Something of a legend in the world of tailoring, Tommy Nutter is credited with modernising Savile Row in the 1960s-70s, with the Nutter suit worn by everyone from Mick and Bianca Jagger, Ringo Starr and Paul McCartney. Three out of the four Beatles wore Nutter suits on the cover of their 1969 Abbey Road album, and legend has it that one morning he found John Lennon and Yoko Ono standing naked in his shop window.
Stella McCartney famously trained under Edward Sexton, who was responsible for the cut of Tommy Nutter’s Sixties suiting, and since then, Alexandra Wood, Phoebe Gormley, Anda Rowland and Yingmei Quan are just some of the women inspiring new generations to make their mark on the Row.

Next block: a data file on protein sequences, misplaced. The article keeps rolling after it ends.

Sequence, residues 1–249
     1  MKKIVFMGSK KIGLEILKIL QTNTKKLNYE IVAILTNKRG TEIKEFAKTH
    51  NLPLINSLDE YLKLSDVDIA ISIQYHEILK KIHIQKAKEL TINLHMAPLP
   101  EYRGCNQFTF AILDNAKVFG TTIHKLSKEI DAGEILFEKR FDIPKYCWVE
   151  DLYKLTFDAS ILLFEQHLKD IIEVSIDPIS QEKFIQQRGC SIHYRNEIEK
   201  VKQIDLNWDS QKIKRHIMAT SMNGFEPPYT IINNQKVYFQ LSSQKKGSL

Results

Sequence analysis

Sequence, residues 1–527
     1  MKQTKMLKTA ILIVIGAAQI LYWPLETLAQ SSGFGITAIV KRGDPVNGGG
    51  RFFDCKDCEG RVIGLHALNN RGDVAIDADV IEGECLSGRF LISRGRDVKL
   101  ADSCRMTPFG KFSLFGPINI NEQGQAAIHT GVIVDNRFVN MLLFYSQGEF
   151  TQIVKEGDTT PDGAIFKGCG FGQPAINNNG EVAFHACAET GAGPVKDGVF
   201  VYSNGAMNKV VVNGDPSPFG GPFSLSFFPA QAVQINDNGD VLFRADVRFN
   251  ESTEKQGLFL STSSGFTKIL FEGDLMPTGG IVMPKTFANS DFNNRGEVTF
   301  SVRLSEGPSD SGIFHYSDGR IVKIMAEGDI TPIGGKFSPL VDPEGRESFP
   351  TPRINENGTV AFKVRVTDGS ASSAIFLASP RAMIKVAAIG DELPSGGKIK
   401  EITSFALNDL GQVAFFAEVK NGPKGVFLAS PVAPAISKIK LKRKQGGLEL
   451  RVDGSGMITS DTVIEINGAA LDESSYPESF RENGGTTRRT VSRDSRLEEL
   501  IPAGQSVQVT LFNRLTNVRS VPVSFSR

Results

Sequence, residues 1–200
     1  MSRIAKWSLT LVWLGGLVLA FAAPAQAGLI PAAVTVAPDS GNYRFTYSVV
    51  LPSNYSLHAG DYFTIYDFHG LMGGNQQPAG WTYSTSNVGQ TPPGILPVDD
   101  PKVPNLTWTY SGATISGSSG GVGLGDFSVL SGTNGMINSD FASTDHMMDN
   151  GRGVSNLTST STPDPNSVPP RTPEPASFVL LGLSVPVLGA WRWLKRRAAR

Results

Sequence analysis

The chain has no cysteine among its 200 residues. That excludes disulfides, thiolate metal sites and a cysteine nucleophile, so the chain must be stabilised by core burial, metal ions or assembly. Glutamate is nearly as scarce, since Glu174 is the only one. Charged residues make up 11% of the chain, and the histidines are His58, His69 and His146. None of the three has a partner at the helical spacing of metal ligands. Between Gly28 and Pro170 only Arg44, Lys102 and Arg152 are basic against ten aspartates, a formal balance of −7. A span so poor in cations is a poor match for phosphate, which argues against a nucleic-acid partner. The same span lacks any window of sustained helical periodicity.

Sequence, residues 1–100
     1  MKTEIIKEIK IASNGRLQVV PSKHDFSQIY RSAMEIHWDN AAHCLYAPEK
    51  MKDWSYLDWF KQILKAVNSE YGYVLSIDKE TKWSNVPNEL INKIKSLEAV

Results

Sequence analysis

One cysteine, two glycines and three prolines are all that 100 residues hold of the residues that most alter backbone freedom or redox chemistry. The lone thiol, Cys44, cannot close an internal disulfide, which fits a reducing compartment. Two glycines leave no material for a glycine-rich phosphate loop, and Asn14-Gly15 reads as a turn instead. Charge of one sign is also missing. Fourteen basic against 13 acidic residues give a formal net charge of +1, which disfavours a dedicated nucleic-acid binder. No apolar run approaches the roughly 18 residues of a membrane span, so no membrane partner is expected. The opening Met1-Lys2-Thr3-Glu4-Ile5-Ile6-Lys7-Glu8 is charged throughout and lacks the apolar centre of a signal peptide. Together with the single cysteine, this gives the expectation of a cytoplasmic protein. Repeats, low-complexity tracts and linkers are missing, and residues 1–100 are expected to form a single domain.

One of the founding fathers of Savile Row, Henry Poole of Henry Poole & Co invented the eponymous dinner jacket. Called many names from Le Smoking to the tuxedo, in 1865 Edward VII, then Prince of Wales, asked Henry Poole to “cut a short celestial blue evening coat to be worn at informal dinners at Sandringham”. This jacket style remains the universal standard for men’s evening wear to this day.
Hardy Amies’ famous clients read like a roll-call of the Great and the Good, including Gregory Peck, David Hockney and even HRH Queen Elizabeth II.
Savile Row tailors Huntsman was both outfitter and set location for the film Kingsman. Apparently, the film’s location director and co-writer Matthew Vaughn had bought his first bespoke suit from there when he was 18. Meanwhile, Kilgour dressed Jude Law for the premiere of The Talented Mr Ripley in 1999 and outfitted Daniel Craig for his role in Layer Cake in 2004.
Sean Connery’s three-piece Prince of Wales check suit is a quintessential 007 look that has stood the test of time. Fashioned by Richard James at 29 Savile Row, the famed tailor also created Elton John’s costumes for Rocketman.